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The Salvation Army's annual kettle drive is down in donations even as needs rise.

Salvation Army in Urgent Need of Funds to Meet $60K Goal

By Brittany PolitoiBerkshires Staff
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PITTSFIELD, Mass. — A perfect storm of unprecedented need and far fewer kettle donations has the Salvation Army seeking help to rescue Christmas.
Donations through the charity organization's red kettles in Pittsfield are currently down by 70 percent compared to last year and it's struggling to meet its fundraising target by about $33,000. 
"We went into the season honestly unsure if we were even going to be able to ring the bell," Captain Justin Barter, corps officer in Pittsfield, said Tuesday. "We were grateful that we could ring the bell but the numbers are still significantly down."
Now in its 130th year, the kettle campaign launched two months earlier than usual because of increased needs. It raised just over $27,000 as of Monday with this year's goal being $60,000 raised by Dec. 24.
COVID-19 has created a larger need for services provided by the Salvation Army: it's served more than 14 million meals in the state since March and it expects to serve 150 percent more people this holiday season. 
Though the novel coronavirus has created an increase in need, it has also reduced the number of red kettles that can put out on street corners and at store entrances.  
Nationwide, the Salvation Army expects as much as a 50 percent decrease in funds raised through its Rescue Christmas Red Kettles campaign because of customers carrying less cash, the closure of many retail stores where kettles traditionally stand, an increase in online shopping, and increased unemployment and debt.
Barter said numbers are also drastically down for local help as many bell ringers have pre-existing conditions that put them in the high-risk category for COVID-19.
Heather MacFarlane, director of communications, marketing, and public relations, said some people who used to be donors are now requesting assistance.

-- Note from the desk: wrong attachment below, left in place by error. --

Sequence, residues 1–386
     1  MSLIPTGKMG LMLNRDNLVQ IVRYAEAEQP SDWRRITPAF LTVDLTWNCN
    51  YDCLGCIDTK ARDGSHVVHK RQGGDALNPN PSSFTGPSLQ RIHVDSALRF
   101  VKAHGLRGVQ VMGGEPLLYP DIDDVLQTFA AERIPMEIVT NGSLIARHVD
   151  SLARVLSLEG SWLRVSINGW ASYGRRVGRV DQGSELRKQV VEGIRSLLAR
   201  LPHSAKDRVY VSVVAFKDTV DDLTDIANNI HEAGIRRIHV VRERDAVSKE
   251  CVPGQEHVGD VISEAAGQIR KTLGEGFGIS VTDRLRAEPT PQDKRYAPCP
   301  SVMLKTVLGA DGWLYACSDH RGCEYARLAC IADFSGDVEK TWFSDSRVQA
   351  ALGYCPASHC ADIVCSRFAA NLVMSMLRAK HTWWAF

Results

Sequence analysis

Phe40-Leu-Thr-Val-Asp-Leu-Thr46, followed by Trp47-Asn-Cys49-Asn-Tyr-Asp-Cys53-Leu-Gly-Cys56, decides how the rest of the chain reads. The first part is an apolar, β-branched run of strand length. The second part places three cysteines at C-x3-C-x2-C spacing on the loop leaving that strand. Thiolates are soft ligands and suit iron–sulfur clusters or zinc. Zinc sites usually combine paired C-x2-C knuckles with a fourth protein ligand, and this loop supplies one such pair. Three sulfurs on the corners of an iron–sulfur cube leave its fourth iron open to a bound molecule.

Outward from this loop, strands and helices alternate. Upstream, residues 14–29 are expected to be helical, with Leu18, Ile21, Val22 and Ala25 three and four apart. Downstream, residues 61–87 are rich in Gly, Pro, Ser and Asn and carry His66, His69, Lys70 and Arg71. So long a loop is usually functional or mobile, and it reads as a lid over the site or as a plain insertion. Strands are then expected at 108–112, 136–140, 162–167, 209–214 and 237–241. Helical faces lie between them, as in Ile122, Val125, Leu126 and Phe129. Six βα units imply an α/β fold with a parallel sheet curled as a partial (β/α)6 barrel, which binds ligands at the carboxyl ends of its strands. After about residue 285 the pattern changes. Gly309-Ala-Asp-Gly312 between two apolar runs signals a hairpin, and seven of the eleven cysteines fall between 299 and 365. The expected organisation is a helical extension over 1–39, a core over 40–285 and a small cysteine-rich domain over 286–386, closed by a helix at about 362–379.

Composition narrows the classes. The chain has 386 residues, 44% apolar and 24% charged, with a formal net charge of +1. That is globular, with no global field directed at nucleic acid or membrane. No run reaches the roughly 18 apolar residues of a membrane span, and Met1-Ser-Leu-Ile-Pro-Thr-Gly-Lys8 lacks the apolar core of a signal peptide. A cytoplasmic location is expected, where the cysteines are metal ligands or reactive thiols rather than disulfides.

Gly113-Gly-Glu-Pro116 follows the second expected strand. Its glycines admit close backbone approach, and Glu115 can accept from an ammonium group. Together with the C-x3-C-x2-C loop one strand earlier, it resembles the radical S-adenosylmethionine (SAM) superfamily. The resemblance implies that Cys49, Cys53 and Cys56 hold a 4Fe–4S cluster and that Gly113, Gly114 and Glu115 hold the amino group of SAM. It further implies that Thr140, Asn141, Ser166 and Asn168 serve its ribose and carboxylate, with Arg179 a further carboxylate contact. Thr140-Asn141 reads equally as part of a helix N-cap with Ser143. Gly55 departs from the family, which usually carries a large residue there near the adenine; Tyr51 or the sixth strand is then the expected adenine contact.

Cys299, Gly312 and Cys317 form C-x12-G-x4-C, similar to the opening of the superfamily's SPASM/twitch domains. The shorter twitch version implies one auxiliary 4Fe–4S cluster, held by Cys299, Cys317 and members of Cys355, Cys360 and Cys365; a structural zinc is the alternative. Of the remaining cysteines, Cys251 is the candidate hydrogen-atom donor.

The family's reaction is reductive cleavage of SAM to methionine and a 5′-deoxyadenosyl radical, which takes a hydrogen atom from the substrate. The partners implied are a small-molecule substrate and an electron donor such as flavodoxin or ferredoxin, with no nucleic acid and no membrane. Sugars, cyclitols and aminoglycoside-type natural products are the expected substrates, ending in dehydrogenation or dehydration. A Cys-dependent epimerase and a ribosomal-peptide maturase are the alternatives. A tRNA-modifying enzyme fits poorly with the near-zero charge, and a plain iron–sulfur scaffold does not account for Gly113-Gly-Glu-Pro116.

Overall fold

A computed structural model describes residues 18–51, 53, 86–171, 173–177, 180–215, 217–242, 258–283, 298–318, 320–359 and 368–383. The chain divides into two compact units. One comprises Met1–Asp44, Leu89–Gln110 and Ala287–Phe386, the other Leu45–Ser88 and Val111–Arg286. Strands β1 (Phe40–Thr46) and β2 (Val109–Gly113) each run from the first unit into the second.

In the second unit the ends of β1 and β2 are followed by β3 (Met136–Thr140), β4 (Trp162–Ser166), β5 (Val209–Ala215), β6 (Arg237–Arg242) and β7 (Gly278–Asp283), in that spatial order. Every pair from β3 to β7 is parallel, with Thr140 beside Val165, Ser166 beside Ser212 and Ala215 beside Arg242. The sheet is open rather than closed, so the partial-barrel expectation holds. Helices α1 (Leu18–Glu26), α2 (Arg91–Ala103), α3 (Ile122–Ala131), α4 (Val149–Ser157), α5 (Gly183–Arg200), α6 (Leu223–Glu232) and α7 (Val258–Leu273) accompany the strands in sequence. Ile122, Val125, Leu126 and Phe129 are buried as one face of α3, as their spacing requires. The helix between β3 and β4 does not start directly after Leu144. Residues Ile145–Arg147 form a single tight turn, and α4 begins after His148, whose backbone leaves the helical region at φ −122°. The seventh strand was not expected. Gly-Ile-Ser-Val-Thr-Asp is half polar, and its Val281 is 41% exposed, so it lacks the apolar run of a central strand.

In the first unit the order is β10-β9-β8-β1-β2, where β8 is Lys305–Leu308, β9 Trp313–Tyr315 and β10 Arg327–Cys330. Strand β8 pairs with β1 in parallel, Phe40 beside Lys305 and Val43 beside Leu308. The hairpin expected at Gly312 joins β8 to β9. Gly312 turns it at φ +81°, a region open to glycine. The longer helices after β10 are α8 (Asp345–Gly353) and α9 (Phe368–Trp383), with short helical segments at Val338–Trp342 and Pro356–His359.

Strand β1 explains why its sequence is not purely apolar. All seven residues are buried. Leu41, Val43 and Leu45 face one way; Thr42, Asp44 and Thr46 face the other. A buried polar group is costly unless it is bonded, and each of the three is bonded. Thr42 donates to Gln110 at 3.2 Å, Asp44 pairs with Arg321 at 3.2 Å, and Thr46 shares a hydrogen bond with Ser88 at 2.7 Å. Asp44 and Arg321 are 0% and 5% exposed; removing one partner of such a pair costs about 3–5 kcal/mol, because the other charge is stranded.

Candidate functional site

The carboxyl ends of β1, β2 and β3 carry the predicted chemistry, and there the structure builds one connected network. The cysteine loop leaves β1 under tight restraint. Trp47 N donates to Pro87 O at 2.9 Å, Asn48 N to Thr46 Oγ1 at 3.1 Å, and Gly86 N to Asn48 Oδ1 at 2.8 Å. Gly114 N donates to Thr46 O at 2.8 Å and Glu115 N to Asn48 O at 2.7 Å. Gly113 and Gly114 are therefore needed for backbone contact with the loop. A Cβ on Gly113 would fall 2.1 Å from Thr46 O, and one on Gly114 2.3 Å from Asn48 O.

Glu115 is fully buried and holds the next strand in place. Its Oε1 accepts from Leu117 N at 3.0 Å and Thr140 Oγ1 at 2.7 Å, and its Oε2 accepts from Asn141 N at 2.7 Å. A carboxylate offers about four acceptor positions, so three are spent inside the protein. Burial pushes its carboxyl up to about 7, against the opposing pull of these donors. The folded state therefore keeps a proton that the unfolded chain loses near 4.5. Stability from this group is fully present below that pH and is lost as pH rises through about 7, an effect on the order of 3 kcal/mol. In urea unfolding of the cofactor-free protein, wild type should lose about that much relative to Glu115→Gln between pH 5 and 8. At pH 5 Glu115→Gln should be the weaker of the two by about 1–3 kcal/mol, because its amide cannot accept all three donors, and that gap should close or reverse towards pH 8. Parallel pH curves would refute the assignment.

"When COVID-19 struck, we anticipated that it could be an extremely difficult year for multiple reasons," she said.
According to Barter, the numbers for assistance through the organization's food pantry have been record-breaking for months, reflecting the hard time that citizens are experiencing.
In 2019, the Salvation Army served just over 3 million meals to people in need and that number skyrocketed to a staggering 14 million meals just between the months of March and November.
"Although I'm concerned that donations are down, I remain hopeful we can still make our fundraising goal this year," wrote Captain Marsha Barter. "This community has a history of putting its hands and feet in service of its prayers and supporting the Salvation Army's efforts to help our most vulnerable brothers and sisters. Even as we face a tsunami of need, which we don't anticipate diminishing for many, many months, I believe our community will rally around us again this year."
Donations can be made to the Salvation Army online or by check to 298 West St., Pittsfield, MA 01201. A recurring of donation of $25 means 240 meals to those most vulnerable, 11 nights of shelter for those living on the streets, 12 years of Christmas presents for one child.

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Pittsfield Native Killed In Air Force Crash

Staff Reports
PITTSFIELD, Mass. — The body of Staff Sgt. Jacob Galliher was recovered off the coast of Japan after the military aircraft he was on crashed Wednesday.
The Pittsfield Police Department released a statement noting that Galliher was a 2017 graduate of Taconic High School. 
The statement included that Galliher leaves behind his wife and 2-year-old and 6-week-old sons.
The Associated Press reported that on Nov. 29, an Air Force Osprey based in Japan crashed during a training mission off the country's southern coast. It was reported that the crash killed at least one of the eight crew members.
At this time, the status of the seven other airmen is unknown. The cause of the crash is also unknown. 
Taconic High School Principal Matthew Bishop said the school is in mourning after learning of Galliher's death.
"Jake was a proud member of the Class of 2017 and was known for his exemplary character, leadership qualities, and commitment to Taconic High School. He was an outstanding student, an integral member of our football program, and an active participant in our school community. Many staff members remember his kind, fun-loving spirit and how much he positively impacted our school," he wrote in a statement released Friday afternoon. "After graduation, Jake chose to serve our country with valor and dedication, joining the Air Force. The news of his tragic and untimely passing has left Taconic in mourning, as we reflect on the loss of a bright and promising individual who embodied the values that we hope to instill in all of our students."
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